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Seating juries in a recession

There’s a recession angle for every story, it seems. The features I find for our Web site lately are overwhelmingly about another way the recession has negatively impacted people.

Here’s another impact, one that might be causing headaches for trial lawyers and judges out there: supposedly it’s getting harder to find jurors, especially for trials longer than one day.

The South Florida Sun-Sentinel says that the number of jurors asking to be excused “because of economic pressures” is increasing across the nation. Understandably, people are worried that extended time away from work could cost them their jobs.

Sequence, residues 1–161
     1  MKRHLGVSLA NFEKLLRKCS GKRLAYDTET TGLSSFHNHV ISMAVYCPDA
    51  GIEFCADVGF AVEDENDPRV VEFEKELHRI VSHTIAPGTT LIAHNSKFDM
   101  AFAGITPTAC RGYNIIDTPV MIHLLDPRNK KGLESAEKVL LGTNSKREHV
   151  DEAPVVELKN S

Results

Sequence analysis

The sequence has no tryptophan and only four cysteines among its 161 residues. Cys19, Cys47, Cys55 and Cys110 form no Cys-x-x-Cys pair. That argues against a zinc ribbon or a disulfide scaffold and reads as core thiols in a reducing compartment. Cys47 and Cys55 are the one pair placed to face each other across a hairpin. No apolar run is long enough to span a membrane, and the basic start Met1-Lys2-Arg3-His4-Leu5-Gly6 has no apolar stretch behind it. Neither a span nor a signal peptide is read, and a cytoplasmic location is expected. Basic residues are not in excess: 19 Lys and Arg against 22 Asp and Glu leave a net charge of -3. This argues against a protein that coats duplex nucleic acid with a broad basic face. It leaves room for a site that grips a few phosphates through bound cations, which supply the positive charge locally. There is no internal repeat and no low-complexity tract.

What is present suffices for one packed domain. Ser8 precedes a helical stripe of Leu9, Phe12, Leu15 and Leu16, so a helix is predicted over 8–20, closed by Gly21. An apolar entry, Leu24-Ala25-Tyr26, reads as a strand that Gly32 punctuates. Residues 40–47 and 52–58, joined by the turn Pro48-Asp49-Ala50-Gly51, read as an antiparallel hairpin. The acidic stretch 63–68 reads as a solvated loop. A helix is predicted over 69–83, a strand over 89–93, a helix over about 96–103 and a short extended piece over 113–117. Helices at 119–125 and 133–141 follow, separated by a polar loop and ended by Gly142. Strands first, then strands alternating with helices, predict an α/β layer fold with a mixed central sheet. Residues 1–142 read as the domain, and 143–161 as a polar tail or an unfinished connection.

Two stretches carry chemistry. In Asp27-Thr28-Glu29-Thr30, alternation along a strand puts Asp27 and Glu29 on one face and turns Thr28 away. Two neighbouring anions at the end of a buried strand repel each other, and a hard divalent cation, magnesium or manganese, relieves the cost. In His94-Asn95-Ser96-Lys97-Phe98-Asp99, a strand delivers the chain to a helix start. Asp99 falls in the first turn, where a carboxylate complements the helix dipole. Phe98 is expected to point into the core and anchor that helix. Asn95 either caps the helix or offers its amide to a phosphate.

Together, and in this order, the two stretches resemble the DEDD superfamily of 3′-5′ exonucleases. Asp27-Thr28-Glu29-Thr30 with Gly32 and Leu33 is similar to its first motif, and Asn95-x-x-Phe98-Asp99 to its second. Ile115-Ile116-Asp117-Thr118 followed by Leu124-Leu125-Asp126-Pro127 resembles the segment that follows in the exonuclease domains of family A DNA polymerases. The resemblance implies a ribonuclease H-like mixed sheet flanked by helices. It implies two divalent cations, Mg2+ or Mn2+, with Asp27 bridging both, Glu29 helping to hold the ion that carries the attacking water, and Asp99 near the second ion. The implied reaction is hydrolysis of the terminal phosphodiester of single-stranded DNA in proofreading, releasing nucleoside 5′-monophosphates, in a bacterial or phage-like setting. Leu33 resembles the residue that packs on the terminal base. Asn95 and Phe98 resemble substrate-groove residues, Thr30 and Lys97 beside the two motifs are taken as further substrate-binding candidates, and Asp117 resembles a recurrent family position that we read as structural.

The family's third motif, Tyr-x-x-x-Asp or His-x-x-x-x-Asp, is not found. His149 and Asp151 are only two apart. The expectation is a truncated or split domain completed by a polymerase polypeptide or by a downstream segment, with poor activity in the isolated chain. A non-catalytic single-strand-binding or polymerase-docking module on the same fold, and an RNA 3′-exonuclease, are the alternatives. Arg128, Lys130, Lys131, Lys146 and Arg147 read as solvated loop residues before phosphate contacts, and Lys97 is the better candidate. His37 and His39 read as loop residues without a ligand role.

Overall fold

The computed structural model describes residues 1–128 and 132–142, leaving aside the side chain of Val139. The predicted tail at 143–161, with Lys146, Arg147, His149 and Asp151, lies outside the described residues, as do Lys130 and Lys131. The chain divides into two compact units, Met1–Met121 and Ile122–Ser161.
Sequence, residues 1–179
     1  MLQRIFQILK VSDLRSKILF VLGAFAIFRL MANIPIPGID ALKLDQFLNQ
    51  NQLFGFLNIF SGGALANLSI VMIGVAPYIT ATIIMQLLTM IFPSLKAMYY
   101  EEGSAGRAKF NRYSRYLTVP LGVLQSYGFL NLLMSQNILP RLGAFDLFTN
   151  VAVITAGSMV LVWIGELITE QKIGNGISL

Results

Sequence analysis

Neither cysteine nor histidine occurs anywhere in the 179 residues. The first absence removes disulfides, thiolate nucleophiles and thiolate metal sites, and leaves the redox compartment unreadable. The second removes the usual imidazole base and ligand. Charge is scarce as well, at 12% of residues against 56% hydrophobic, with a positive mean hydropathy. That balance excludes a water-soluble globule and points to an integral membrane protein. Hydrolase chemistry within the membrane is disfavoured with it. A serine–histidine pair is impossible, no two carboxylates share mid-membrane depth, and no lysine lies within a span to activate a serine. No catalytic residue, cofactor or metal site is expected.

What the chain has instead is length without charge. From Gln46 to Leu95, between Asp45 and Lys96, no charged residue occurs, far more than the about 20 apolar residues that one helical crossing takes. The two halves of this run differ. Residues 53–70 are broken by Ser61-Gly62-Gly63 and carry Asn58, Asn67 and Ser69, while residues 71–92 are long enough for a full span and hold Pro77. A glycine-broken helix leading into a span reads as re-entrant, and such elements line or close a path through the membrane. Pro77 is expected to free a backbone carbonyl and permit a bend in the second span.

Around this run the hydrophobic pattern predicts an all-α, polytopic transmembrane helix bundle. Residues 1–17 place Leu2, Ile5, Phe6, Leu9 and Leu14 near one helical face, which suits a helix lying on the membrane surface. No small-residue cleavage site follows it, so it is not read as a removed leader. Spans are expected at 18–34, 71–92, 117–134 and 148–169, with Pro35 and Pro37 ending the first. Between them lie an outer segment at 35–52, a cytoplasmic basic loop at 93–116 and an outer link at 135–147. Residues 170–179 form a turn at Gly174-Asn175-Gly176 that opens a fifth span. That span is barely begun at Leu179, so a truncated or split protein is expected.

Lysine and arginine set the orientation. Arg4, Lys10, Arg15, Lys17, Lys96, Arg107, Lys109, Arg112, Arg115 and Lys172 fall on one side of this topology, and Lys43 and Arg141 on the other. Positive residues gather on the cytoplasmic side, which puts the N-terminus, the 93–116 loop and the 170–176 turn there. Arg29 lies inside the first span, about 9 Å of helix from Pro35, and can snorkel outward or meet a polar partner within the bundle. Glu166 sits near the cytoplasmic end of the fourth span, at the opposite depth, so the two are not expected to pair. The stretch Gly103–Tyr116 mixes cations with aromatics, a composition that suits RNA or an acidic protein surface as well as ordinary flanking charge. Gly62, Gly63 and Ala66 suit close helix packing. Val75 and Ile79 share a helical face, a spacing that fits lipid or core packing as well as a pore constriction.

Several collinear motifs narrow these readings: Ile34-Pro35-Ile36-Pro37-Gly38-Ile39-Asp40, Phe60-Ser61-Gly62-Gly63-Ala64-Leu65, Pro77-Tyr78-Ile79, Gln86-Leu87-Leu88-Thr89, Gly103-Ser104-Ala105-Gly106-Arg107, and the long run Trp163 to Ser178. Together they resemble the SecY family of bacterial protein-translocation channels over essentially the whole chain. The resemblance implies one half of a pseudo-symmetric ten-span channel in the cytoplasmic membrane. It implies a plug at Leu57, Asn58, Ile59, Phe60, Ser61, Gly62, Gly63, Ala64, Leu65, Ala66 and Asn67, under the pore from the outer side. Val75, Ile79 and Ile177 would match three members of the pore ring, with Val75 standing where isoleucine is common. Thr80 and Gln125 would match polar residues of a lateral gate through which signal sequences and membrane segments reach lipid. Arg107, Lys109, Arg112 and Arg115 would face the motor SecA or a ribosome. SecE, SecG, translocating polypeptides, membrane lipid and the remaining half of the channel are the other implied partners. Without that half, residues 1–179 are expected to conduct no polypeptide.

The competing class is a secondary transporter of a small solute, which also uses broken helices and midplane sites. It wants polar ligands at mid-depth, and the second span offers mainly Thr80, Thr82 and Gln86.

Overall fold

Broward Circuit Judge Jeffrey Streitfeld told the paper, “They feel very insecure about their job status and there are those who say, “So many people have been laid off where I work, they can’t do without me.”

Al Tompkins of the Poynter Institute points out that civic duty doesn’t pay very well, either – sometimes lower than $10 a day. If the potential juror is not a salaried employee, being seated on a lengthy trial could result in a significant income loss.

Have you seen this happening in area courts?